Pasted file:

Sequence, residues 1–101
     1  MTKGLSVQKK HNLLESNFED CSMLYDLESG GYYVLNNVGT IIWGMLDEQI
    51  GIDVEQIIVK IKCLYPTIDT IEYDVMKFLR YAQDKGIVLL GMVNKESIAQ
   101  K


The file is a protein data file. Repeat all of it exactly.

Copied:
Sequence, residues 1–101
     1  MTKGLSVQKK HNLLESNFED CSMLYDLESG GYYVLNNVGT IIWGMLDEQI
    51  GIDVEQIIVK IKCLYPTIDT IEYDVMKFLR YAQDKGIVLL GMVNKESIAQ
   101  K